The Presidency and the Decline of Mass Movements

By the end of last semester I was completely burnt out. Having spent a large portion of the semester working on my thesis which was not at all related to the Presidency or American politics, it was initially very difficult to switch mindsets. Nonetheless, I hurriedly prepared a draft for my campus advisor and found myself confronting all the problems I should have dealt with sooner. These problems inspired me to completely scrap the 30 page draft I initially submitted to both advisors and start over…then start over again after that!

To a certain extent my first paper was based off of a dubious assumption. The assumption was that I could, in some way, attempt to track or attribute a certain level of ideological consistency to a group that, by its nature, decries the sort of institutionalization I was hoping to track. Although I thought I could get around that problem by separating members of the Tea Party in Congress, the Tea Party Organizations and the voting population, I could not.

I found myself reduced to delving into the history of the movement and outlining policy positions without delving into the sort of analysis I had wanted to do.

My solution to this problem was to reframe my question. Rather than focusing on the effect of the Tea Party on America foreign policy I would focus on the theory behind oppositional movements and use the Tea Party as a case study. Naturally, the issue here proved to be that the Tea Party does not focus on foreign affairs. While prominent self-identified Tea Partiers may choose to articulate positions, they are not representative of the “spirit of the movement” because foreign policy is simply not the primary concern.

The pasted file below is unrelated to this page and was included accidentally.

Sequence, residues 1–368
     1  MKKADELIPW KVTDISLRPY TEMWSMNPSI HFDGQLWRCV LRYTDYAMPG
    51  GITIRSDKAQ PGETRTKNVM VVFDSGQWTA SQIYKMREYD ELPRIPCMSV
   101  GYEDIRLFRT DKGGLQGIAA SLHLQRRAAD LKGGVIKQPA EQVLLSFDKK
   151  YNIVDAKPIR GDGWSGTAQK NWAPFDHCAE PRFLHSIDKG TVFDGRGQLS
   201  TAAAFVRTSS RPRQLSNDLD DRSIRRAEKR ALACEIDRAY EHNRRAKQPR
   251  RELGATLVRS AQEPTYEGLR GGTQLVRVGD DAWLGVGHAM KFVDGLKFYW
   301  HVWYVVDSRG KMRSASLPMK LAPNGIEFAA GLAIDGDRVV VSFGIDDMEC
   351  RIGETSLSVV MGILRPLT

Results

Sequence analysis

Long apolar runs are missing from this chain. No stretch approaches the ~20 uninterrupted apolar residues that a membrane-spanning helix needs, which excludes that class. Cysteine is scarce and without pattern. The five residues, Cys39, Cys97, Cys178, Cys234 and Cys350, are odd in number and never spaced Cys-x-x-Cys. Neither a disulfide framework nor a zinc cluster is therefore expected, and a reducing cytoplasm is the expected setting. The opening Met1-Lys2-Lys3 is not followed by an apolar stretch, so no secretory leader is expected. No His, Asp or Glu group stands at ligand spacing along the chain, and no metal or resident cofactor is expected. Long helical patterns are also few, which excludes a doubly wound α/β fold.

In dealing with this dilemma, however, I may have found the answer to my problems.  In some ways the problems I have found are actually the answers to all my questions. The paper is now significantly more political. It looks at the role of the Presidency in contributing to the decline of political movements.

The benefit of looking at the decline of Congressional political movements is that I am able to use the cases I had initially wanted to use (Tea Party, Isolationist movement) and study foreign policy.

I look forward to seeing everyone again and updating you on how I managed to salvage my paper!

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